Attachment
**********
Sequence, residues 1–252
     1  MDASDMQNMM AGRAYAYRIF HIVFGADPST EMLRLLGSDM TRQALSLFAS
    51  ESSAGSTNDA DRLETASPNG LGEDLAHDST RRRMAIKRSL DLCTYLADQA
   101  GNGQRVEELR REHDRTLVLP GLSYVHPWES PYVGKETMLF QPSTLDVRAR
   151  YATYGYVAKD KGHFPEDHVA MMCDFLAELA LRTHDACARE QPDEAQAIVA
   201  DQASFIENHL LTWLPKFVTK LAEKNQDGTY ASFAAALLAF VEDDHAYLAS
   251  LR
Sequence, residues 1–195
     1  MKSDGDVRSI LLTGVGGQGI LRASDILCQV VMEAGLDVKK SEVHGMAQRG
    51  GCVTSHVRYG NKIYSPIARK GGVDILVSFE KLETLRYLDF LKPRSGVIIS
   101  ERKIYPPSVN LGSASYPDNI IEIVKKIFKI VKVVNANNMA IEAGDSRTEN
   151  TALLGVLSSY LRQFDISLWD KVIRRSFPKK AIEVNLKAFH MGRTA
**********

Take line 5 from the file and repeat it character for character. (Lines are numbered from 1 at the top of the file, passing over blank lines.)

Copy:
   151  YATYGYVAKD KGHFPEDHVA MMCDFLAELA LRTHDACARE QPDEAQAIVA